Barney and Betty Brown are experts in managing the small business they started many years ago and the business has been successful. The timing is right to sell the business to an interested buyer. They feel too young to fully retire and may get involved in another small business they’ve always dreamed of starting. However, they want to invest a significant portion of the business sale proceeds to create a secure future. They have worked well together as partners in the business, but they have very different feelings about taking risk when investing. Barney wants to keep things safe to avoid losses. Betty believes at least half of the portfolio should be in stocks for long term growth.
Barney and Betty have some familiarity with investments because their business offers employees a 401k plan. However, they have invested most of their retirement plan balance in a Target Date fund. This offers them “set it and forget it” diversification. They do not have experience managing a large pool of investments outside the plan which will now represent a major part of their financial future. They have talked to registered representatives at two local brokerage firms but received conflicting advice. Both of them believe the amount they have to invest should permit them to pay modest investment costs and expenses.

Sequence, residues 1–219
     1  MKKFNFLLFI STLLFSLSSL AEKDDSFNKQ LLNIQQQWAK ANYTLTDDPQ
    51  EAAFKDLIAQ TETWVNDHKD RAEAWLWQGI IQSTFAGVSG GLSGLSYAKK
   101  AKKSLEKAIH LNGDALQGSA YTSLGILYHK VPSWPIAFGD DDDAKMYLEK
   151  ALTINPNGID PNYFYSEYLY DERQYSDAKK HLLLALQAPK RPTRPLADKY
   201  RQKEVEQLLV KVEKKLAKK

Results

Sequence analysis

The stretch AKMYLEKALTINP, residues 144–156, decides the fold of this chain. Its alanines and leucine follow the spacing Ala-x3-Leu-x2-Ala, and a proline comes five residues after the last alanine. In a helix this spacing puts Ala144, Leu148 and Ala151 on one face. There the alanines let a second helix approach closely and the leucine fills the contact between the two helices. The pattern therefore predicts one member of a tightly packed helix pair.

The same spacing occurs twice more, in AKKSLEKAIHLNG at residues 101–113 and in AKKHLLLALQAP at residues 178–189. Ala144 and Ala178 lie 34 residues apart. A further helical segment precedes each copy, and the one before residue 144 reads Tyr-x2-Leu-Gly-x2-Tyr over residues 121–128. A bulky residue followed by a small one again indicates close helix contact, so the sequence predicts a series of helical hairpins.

There is longevity on both sides of the family. Both have parents who are alive and going strong in the mid 80’s. Barney and Betty worry they may outlive their assets if they also live a long time, particularly with rising health care costs.
None of their children expressed an interest in continuing the business so they haven’t spent much time thinking about estate planning. However, with new significant liquid assets to invest, they are contemplating arrangements for minor grandchildren, a daughter who has a serious disability, and a son who is in the middle of a divorce.